If someone asked you to name a large empire — past or present — you would probably picture the Roman Empire. But there’s an often-forgotten empire that was also quite large during its heyday, and whose effects you still might recognize if you visit countries or territories like Brazil, Macau, Angola, and Cape Verde. We’re talking about the Portuguese Empire. While today we think of Portugal as a benign European destination with tasty wine and treats, there was a time when its influence was heavily felt throughout the world.

What was the Portuguese Empire?

Up close view of antique map showing Portuguese expansion and travel
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While the Portuguese Empire doesn’t get quite as much love and attention in world history, it existed for more than 500 years, beginning in 1415 with the capture of the North African town Ceuta, and only recently ended in 1999 when Portugal relinquished Macau and returned it to Chinese rule (the city is officially an autonomous, "special administrative region" of China). According to historians, it was the first global empire the world had ever seen — sorry Britain. Essentially, the Portuguese Empire controlled territories throughout the known world, and much of their land grabbing was due to the nation’s superior navigators and seafaring citizens.

How did Portugal influence the world?

Replica of the famous Portuguese vessel Nau seen at the Maritime Museum in Malaysia
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Toward the end of the 15th century, Portugal ramped up its exploration, and this risk paid off for them. To put it simply, having expert navigators and explorers like Vasco da Gama and Bartolomeu Dias meant that Portugal was able to travel farther and build direct trade routes to “exotic” locales for hard-to-find goods that Europeans wanted. In particular, the Portuguese squeezed out the Italians — who had previously controlled the spice trade — by the 16th century and created a monopoly. However, it should be noted that spices weren’t the nation’s only trade expertise. They also built up a hefty slave trade thanks to their African trade route around the Cape of Good Hope.

But establishing trade routes wasn’t the only thing that the Portuguese did to secure their legacy. They also focused on land grabs. Essentially, everywhere they traveled for trade, they also took territory. And just like controlling trade routes increased Portugal’s might, so did their land possessions.

Was Portugal adversarial with other European nations?

Stone monument to discoveries and Portuguese explorers in Belem, Lisbon, Portugal
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Yes and no. Of course, there were plenty of conflicts throughout the nation’s empire. But there were also alliances. Most notably, between the 16th and 17th centuries, there was the Iberian Union, a pact between Spain and Portugal. The union was created in 1580 and was meant to end the chaos from challenges to the rule of succession in Portugal when King Sebastian died in 1578. Oddly enough, his grandfather was next in line for the throne, but there were competing claims from previous monarchs’ grandchildren and other relatives for another three years. Hence, the Iberian Union was created and would last for 60 years until 1640.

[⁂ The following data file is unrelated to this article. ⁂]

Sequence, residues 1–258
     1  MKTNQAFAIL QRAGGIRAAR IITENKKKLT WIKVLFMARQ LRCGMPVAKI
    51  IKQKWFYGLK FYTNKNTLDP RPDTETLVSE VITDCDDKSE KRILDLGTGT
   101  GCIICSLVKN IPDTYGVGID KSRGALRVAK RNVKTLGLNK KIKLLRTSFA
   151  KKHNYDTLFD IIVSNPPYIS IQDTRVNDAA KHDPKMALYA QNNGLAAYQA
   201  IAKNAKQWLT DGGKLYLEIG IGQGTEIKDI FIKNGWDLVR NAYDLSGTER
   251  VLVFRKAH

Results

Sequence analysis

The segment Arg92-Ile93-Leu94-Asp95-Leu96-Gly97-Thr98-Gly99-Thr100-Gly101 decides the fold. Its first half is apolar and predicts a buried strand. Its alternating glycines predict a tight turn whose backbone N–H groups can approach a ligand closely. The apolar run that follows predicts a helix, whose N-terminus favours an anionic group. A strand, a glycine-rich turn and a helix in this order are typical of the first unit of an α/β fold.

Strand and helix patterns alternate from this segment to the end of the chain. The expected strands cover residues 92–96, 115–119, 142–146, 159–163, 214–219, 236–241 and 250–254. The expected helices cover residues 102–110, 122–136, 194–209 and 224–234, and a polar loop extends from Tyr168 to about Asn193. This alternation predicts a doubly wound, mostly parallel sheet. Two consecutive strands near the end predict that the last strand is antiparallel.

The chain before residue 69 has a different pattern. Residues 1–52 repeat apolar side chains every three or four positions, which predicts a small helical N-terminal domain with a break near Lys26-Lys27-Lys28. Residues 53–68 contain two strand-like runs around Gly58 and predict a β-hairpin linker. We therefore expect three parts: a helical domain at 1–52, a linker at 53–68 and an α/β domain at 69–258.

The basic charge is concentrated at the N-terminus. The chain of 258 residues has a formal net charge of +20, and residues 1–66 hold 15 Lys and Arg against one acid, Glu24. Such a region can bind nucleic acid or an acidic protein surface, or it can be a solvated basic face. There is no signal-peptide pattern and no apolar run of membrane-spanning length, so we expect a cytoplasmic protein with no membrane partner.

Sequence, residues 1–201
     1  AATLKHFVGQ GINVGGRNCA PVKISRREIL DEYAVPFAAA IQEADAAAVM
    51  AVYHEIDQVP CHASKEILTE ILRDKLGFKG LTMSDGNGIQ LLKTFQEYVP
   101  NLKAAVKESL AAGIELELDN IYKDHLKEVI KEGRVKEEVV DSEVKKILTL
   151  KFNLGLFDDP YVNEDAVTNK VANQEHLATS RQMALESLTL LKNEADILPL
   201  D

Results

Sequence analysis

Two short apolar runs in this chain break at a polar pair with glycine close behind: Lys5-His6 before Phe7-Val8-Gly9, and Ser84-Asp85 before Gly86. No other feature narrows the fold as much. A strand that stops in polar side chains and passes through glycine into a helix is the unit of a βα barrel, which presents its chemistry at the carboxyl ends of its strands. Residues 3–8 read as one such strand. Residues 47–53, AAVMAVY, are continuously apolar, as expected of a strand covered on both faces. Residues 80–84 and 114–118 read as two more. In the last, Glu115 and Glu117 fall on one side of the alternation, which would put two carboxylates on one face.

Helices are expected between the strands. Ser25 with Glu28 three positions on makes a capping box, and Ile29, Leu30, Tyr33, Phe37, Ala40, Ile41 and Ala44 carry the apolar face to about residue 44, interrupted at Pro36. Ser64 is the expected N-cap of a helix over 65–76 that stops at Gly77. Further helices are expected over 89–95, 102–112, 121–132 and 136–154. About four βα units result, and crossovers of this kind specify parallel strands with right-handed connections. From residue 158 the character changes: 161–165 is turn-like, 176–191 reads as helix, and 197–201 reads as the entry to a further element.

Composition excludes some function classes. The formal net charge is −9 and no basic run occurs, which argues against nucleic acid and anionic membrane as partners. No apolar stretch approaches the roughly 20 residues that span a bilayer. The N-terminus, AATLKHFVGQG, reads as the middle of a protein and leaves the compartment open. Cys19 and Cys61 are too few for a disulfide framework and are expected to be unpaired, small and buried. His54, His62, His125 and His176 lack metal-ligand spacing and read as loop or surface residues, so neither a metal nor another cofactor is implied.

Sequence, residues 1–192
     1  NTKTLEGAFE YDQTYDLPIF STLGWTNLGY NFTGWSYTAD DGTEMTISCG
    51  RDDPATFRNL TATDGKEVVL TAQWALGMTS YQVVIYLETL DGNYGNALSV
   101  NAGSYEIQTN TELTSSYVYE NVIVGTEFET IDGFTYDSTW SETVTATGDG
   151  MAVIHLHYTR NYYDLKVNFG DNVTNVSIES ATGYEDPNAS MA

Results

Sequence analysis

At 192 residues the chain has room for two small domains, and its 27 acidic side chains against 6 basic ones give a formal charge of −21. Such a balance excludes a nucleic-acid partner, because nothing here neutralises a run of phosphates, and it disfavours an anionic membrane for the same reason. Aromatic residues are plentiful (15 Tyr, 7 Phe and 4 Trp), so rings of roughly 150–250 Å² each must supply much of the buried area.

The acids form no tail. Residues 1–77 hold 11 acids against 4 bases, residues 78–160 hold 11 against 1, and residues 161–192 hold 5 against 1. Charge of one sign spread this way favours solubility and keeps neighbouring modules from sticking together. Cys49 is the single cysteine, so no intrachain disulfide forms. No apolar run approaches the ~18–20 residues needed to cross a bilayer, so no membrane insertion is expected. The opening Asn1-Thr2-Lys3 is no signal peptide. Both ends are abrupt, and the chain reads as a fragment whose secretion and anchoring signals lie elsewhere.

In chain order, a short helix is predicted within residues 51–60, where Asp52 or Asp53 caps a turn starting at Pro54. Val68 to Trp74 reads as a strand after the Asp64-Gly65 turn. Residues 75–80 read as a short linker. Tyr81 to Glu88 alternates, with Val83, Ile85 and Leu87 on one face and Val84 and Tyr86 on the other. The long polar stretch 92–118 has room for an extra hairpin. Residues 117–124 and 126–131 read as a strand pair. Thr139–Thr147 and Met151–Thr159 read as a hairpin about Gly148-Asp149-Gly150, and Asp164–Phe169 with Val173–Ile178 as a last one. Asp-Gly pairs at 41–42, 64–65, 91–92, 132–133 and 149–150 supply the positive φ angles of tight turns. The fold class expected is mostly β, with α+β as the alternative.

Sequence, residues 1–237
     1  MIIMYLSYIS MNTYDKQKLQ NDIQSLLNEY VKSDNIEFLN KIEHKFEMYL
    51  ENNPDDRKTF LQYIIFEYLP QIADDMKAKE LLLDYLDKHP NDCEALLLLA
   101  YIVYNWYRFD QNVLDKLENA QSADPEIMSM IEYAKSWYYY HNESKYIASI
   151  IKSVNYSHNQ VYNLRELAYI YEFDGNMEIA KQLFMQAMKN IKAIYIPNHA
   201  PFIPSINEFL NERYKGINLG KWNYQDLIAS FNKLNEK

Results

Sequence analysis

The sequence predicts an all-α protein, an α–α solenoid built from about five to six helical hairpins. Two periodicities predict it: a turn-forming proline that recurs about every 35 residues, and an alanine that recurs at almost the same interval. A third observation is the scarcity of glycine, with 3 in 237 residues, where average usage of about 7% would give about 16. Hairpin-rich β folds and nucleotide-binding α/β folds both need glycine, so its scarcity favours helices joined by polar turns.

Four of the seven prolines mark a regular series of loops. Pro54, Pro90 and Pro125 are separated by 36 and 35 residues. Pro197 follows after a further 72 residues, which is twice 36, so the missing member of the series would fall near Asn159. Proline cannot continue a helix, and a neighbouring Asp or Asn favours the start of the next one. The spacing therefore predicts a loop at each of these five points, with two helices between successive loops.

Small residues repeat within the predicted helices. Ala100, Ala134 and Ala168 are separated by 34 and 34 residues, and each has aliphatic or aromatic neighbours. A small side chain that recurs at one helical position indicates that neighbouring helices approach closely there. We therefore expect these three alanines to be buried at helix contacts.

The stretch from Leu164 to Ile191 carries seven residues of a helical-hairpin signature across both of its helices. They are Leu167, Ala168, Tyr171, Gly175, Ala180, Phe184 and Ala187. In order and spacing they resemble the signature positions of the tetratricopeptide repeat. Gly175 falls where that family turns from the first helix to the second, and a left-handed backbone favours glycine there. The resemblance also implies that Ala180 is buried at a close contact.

But, as is the case with alliances, the enemies of your friends are now your enemies. And this is exactly what happened to Portugal. On top of being dragged into domestic wars between Spain and its enemies, their trading outposts and territories also faced attacks. Compared to Spain, Portugal wasn’t prepared to effectively sustain and defend all of these distributed outposts and territories. They had to look to Spain for military support but at a cost. Constant complaints from nobility and commoners about high taxes to pay for costly defenses led to an eventual revolt and the end of the Iberian Union.

The decline of an empire

View of the modern Regaleira Estate castle and trees in Sintra, Portugal
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According to most historians, joining the Iberian Union ultimately proved to be the kiss of death for Portugal’s empire. As we mentioned, being spread too thin and finding themselves constantly in need of military defense by Spain, was unsustainable. But this wasn’t the only cause. In addition to their Spanish woes, Portugal faced stiff competition from the British, French, and Dutch for control of the spice and slave trades. The Dutch squeezed the Portuguese out of the Far East while the British swooped in for control of India.

By the 18th century, the Portuguese had lost much of their previous territories and now focused almost exclusively on Brazil. While the colony did provide trade goods such as cotton, sugar, and occasionally gold, there was never an established society such as in places like Mexico or the British colonies. As a result, only a very small percentage of whites lived a comfortable life. Everyone else, including poor whites, indigenous populations, free blacks, and mulattos struggled to survive. Coupled with the fact that Brazilian slavery had a higher mortality rate than anywhere else, even Portugal’s crown jewel colony also proved impossible to maintain.

When independence movements began to rip through South America in the19th century, it was inevitable that Brazil would join in. In 1822 Brazil gained its independence. At this point, the Portuguese Empire was on its last breaths. As the 19th century closed, Portugal lost many of its African lands. But it would be the mid-20th century when Portugal ceded all control over their African possessions and promised to return Macau to China, just before the new millennia began. With that final move, history turned the page on the Portuguese Empire.